'Disease X may emerge due to deforestation' [NSTTV]

Virologists are warning that the emergence of "Disease X", which could cause a future pandemic, might be associated with climate change.

Professor Emeritus Datuk Dr Lam Sai Kit said there was a high likelihood of Disease X occurring due to deforestation and the wildlife trade.

"Wildlife, especially bats, carry a lot of viruses. Migratory birds and pangolins carry the avian influenza virus.

"If we accept the view that Disease X originates from wildlife, then we should strengthen our surveillance not only on the illness in humans but also in wildlife and domesticated farm animals," he said.

He emphasised the lesson learned from Covid-19 was the significance of implementing measures to prevent spillover events, as evidenced by claims that the virus originated due to animal to human transmission.

Echoing Dr Lam, Monash University molecular virologist Associate Professor Dr Vinod Balasubramaniam said climate change increased the risk of future pandemics.

He said it was crucial to address climate change to prevent future pandemics.

"Deforestation, urbanisation and expanding the meat industry requires extensive livestock farming. These bring animals closer to humans and lead to the risk of diseases spreading from animals to humans," he added.

Both experts predicted that Disease X would be another respiratory infection, with asymptomatic individuals as carrier.

Dr Lam said Disease X might originate from a highly mutable virus in animals, with a high possibility of transferance to humans.

"The World Health Organisation (WHO) has made a list of priority viruses with the potential to be the causative agent of Disease X, which may be deadlier than Covid-19.

"We cannot predict its level of destructiveness and infectiousness.

"Although the causative agent of Covid-19 is highly infectious and spreads efficiently, it is not as deadly as other viruses, including Ebola and Nipah.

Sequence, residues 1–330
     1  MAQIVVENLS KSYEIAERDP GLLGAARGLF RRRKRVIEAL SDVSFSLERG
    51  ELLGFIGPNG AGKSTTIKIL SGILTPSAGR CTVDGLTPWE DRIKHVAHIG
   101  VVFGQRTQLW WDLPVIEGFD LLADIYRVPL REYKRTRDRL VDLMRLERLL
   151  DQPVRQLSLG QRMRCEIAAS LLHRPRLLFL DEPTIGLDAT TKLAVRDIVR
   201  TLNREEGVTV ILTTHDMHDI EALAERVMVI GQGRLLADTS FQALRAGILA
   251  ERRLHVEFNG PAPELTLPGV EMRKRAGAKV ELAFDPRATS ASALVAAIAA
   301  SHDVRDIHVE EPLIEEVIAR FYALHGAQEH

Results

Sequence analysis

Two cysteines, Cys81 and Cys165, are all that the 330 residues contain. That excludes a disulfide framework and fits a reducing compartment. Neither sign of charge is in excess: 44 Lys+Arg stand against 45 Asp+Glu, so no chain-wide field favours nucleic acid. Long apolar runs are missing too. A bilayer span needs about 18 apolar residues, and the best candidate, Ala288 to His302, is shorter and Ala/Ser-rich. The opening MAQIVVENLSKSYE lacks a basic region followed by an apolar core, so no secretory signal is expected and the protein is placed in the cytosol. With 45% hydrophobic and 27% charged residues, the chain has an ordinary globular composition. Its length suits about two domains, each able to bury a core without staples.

"Can you imagine what would happen if the X pathogen is as infectious as influenza and as deadly as Nipah (which has a mortality rate of 40-70 per cent)?"

Correspondingly, Dr Vinod said he believed the next outbreak in line would be a respiratory infection, with a high rate of human-to-human spread.

Infected humans often generate aerosols when they cough, sneeze or speak loudly.

Dr Vinod said there was a possibility that Disease X would be zoonotic (an infectious disease that is transmitted between species from animals to humans), like the human immunodeficiency virus (HIV) or acquired immune deficiency syndrome (AIDS).

He said he viewed the influenza virus, especially the H5N1 subtype, as a Disease X candidate.

The emergence of a new coronavirus strain with the ability to mutate, resembling the flu, would be another possibility as current vaccines are not designed to eradicate the virus.

"Until we have the vaccine that eradicates the virus, it will continue to evolve.

"Recent mass mortality in mammals due to the H5 subtype (Highly Pathogenic Avian Influenza) virus shows that it can adapt to mammals and become transmissive," he said.

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